These photos are from the course field trip for GEOS 477/577 at the University of Arizona, which I co-teach with Rick Bennett.  This field trip was developed to give students the opportunity to gain first-hand experience with the structural and geomorphic features of active geologic structures.  Because the characteristic features associated with strike-slip, extensional and contractional structures are different and require separate consideration, field stops have been chosen to focus on each of these settings.  Stops focused on outcrop-scale investigation of fault zones have also been included in order to support our discussion of fault zone properties and their relationship to the different mechanisms by which faults accommodate slip at different depth ranges in the crust. 

DAYS 1 & 2 FAULT ZONE PROPERTIES AND STRIKE SLIP FAULTS: The beginning of the field trip focuses on fault zone properties and a comparison between fault expression and properties in the seismogenic part of the crust and in the shallow part of the crust.  Throughout day 1 and 2, the focus will be on strike-slip settings, as we made several stops along the length of the San Andreas and adjacent strike-slip faults from Cajon Pass to Carrizo Plain National Monument, following nearly the entire 350 km rupture length of the 1857 Fort Tejon earthquake, the last major earthquake on the San Andreas in southern California.  We will also focus on the geomorphic expression of strike-slip faults, from examining the features that make for a good paleoseismic study site at Wrightwood to observing classic geomorphic expressions of the shutter ridges, beheaded channels, and offset channels that characterize strike-slip faults and permit evaluation of their slip rates.  PHOTOS FROM DAYS 1 & 2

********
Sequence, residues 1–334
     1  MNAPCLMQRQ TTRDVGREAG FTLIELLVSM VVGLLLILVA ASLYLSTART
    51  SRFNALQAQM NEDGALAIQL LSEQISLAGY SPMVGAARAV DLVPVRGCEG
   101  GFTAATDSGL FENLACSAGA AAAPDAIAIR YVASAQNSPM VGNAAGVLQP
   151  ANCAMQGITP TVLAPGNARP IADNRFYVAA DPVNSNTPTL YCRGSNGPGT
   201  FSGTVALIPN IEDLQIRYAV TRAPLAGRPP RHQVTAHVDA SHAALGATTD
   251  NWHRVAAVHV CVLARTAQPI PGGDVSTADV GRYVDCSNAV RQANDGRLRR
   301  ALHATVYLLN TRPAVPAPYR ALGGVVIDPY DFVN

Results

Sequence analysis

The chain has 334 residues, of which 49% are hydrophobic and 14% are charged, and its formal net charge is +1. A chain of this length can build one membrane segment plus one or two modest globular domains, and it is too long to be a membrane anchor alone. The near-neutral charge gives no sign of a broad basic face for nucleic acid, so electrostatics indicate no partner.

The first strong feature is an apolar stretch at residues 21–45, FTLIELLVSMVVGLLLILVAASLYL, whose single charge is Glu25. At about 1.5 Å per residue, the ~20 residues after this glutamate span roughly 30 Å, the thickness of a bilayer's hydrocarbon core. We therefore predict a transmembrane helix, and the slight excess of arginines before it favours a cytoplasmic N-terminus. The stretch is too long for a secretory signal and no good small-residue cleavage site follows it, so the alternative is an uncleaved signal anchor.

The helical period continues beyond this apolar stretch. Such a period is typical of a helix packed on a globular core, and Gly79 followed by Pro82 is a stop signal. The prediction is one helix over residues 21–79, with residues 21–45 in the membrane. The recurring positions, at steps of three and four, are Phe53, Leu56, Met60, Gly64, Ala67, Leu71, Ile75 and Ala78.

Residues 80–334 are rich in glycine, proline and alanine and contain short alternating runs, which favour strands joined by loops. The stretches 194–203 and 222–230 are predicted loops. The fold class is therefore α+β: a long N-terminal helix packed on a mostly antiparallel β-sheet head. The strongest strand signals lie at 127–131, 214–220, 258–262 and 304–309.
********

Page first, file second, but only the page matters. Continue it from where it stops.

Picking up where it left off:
Students lined up along the San Andreas Fault where it offsets Wallace Creek in Carrizo Plain National Monument, CA

DAY 3 WESTERN TRANSVERSE RANGES AND SHORTENING STRUCTURES: On day 3, we drive through the Western Transverse Ranges, then make several stops along the coast from Ventura to Santa Barbara examining the structural geometry and geomorphic expression of shortening structures; by investigating the uplifted fluvial and marine terraces and fault scarp of the Ventura Avenue Anticline, we will also gain an appreciation for the methods needed to constrain the geometry and slip rate of shortening structures.  PHOTOS FROM DAY 3

View toward four Holocene marine terraces (the area with palm trees) at Pitas Point, CA that have been uplifted in 4 large earthquake events in the past 10,000 years due to rupture of faults associated with the Ventura Avenue Anticline and other linked fault systems in the area.

DAY 4 VARIED EXPRESSION OF EARTHQUAKE FAULT SCARPS: On day 4, we will drive to Lone Pine, stopping along the way to compare earthquake fault scarps from the 2019 Ridgecrest earthquake and the 1872 Owens Valley earthquake, enabling discussion of the similarities and differences in scarp expression.  PHOTOS FROM DAY 4

Composite Fault Scarp in Owens Valley, CA, last ruptured during the 1872 Owens Valley Earthquake

DAYS 5 & 6 DEATH VALLEY AND EXTENSIONAL STRUCTURES: On days 5 and 6, we will examine the expression of extensional structures in Death Valley, with stops focused on viewing growth strata geometries, evidence for quaternary offset on faults, overall basin geometry, geomorphic response to basin geometry and changes in climate, and the style and outcrop-scale characteristics of low-angle normal faults PHOTOS FROM DAYS 5 & 6

The Copper Canyon Detachment Fault, a low angle normal fault that juxtaposes Tertiary red beds of the Copper Canyon Formation in the hanging wall against middle-to-lower crustal green Precambrian metamorphic rocks in the footwall, indicative of 10’s of kilometers of normal offset, Death Valley National Park, CA